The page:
Harry Potter, Hogwarts and all

Over the past three decades, everywhere in the English-speaking world, the number of pagan novels for children has increased exponentially. Not surprisingly, in view of the popularity of book shops and internet sites that feature displays of books and other material on witches and wizards, earth goddesses, poltergeists, and the like, occult works for the young have sold in the tens of thousands.

Parents have good reason to be concerned about this cultural phenomenon and because I am a parent and grandparent, I am painfully aware of the size of this concern. But because I am also a literary critic, I am acutely conscious of the fact that there is an immediate problem for well-intentioned adults without solid literary training anxious to make the informed judgments that will allow their progeny to experience fine literature anchored in Judaeo-Christian values.

How, without such training, can parents know whether a given work is likely to be nourishing or harmful? How can they respond in an enlightened way to the conventions governing literary structure, imagery, and diction? What basis have they for appreciating the highly sophisticated practices of gifted writers like J.K. Rowling — or, for that matter, the Catholic writer of genius, Flannery O'Connor?

What would permit them to distinguish between the language of fantasy and the occult, or the language of the typical offerings in New Age shops and the language of serious imaginative literature?

Alas: making informed judgments of this kind without a long and solid grounding in the linguistic and moral principles that have shaped the serious writing and teaching of literature for centuries is well nigh impossible. This is why respected contemporary thinkers like William Kilpatrick have worked with critics to produce texts for parents like Books That Build Character. Educators of Kilpatrick’s stature know that reading books with or for children is very different from writing about literature for publication. They also know that because literary critics can make large errors, their moral responsibility is a heavy one.

Over the last few years, bearing this difficulty and the related difficulty of the Harry Potter craze in mind, countless parents have asked me whether literature containing magic is bad for children. Because I have a strong professional interest in children’s books, I’m expected to answer this question — and, up to a point, I can.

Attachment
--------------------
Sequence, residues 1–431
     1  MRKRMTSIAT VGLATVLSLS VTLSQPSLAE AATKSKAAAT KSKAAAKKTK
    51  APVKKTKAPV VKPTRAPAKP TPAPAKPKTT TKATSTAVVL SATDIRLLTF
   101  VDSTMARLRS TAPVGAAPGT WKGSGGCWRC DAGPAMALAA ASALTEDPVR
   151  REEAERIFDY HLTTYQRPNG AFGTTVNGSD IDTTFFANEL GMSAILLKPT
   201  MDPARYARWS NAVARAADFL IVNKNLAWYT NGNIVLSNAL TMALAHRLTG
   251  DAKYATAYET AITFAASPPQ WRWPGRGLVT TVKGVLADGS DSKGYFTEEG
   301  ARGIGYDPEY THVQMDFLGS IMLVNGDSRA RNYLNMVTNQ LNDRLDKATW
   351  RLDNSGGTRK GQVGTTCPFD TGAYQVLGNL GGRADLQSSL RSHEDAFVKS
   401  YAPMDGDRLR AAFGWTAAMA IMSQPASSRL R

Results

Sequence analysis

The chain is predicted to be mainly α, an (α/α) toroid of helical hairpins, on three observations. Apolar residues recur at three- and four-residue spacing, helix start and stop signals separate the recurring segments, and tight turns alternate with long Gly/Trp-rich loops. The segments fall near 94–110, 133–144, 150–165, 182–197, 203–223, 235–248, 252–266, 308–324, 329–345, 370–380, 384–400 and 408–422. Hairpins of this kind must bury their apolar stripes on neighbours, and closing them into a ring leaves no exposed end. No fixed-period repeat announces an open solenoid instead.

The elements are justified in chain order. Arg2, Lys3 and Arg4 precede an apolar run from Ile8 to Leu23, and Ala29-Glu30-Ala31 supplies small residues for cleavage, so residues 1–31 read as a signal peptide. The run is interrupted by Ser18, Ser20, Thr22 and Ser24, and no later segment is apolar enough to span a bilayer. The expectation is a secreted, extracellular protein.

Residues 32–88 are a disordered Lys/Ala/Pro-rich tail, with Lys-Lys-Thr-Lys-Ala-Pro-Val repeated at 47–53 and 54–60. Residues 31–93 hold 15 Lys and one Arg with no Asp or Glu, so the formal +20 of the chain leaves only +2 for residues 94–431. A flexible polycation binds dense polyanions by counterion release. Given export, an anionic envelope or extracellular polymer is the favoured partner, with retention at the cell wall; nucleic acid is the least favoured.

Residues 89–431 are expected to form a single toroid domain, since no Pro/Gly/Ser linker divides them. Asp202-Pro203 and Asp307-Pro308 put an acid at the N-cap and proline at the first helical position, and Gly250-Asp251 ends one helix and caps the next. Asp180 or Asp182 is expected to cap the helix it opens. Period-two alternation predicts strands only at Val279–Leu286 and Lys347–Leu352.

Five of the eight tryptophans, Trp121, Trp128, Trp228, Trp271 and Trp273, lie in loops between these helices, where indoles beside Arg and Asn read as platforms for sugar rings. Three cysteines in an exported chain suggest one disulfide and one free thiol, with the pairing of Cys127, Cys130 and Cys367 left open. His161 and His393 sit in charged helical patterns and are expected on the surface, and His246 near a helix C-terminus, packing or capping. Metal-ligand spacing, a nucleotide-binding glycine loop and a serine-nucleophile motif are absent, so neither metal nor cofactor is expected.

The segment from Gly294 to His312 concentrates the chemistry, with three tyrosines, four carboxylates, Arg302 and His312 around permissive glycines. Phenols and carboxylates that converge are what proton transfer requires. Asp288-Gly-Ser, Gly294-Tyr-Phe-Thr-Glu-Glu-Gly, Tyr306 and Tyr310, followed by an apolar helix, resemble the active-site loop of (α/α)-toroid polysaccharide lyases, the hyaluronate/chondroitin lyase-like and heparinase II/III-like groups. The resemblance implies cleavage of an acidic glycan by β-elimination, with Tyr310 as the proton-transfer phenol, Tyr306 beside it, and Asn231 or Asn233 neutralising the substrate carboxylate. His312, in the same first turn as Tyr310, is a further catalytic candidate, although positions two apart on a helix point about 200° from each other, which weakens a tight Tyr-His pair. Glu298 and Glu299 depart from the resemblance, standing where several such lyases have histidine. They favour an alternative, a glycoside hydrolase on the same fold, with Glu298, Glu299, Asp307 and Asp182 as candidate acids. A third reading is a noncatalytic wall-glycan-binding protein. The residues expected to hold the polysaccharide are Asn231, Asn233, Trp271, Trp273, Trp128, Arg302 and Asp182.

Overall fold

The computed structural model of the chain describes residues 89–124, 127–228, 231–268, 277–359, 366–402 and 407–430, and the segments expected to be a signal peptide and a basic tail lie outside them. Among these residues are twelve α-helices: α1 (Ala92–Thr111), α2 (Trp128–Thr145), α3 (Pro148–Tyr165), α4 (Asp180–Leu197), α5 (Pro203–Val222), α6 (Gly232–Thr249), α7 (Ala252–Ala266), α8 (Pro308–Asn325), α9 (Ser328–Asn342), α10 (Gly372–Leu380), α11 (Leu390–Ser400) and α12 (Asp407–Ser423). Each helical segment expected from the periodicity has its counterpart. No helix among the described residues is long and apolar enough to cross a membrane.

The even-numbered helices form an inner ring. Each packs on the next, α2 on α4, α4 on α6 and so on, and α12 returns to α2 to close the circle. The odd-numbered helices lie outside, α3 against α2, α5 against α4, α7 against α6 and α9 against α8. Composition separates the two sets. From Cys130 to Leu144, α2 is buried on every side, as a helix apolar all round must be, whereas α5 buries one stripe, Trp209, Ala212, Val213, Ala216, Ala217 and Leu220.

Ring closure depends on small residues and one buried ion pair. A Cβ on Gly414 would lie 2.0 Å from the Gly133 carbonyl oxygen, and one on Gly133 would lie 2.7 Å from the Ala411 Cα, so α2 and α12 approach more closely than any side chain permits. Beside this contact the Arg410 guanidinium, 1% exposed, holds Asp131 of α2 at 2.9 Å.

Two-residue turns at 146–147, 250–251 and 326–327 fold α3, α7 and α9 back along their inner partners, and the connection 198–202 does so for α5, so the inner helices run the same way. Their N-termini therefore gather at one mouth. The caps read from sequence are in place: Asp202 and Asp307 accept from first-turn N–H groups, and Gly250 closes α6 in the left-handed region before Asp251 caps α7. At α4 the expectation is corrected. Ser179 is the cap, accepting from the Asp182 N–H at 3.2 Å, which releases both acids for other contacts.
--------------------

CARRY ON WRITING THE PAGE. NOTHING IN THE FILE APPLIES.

There are patterns in fiction that signal the probable effects of individual works on readers, though nobody can foresee all of the ways in which a single book will influence a particular child. Some imaginative, highly intelligent eleven-year-olds find Tolkien’s Mordor terrifying, and some eight-year-olds of comparable acuteness don’t. Humour, instinctive spiritual maturity, and detachment have a lot to do with this. But, unfortunately, these traits of character don’t always function reliably.

The patterns that parents need to know something about when they are making decisions about books like Rowling’s (or Tolkien’s) are those commonly found in works of fantasy and works of the occult: most obviously, because in both genres magic is centrally important — in significantly different ways.

The surface of traditional fantasy, characteristically, is unreal. In an extraordinary world, the laws of nature are suspended: cars fly through the air, children walk through wardrobes or magical train station barriers admitting them to amazing realms, and ferocious three-headed dogs are rendered temporarily powerless by music.

Fantasy’s depths, in contrast, are real: they disclose basic, balanced truths about people and life. Often, through brilliantly satirical, farcical, or grave thrusts directed at ordinary human weakness, these works delight and teach at the same time — as Renaissance poet Sir Philip Sidney believed all fine literature is meant to do.

Typically in fantasy, spells are cast and broken. People become beasts, witches melt, and princesses are awakened from a winter’s sleep by a kiss. Magical items, such as potions, rings, stones, swords, and cloaks, abound. Moving from the ordinary to the magical realm and back again, the major characters contend with and, where possible, transform evil so that order can be restored to a basically harmonious world. Even though the beings they fight are cruel and treacherous, they rely on moral means to achieve this end. On spiritual terrain, their choices are delineated with vividness and care.

The ambience of fantasy is similar to that of allegory and romance (eg, the late plays of Shakespeare). Authors draw on folk lore—myth, fable, fairy tale—which is in key respects preposterous, and which children immediately recognise to be larger than life, “unreal”, and therefore fictional. In general, the main characters do not possess supernatural powers—though subsidiary characters who help or hinder them often do. If they find that they themselves have such powers during crises, they use them sparingly for the sake of the good. Villains rely on disguise to achieve self-interested ends; heroes don’t, though they may dissemble during crises whose immediate features they have no means of making fully intelligible to well-wishers.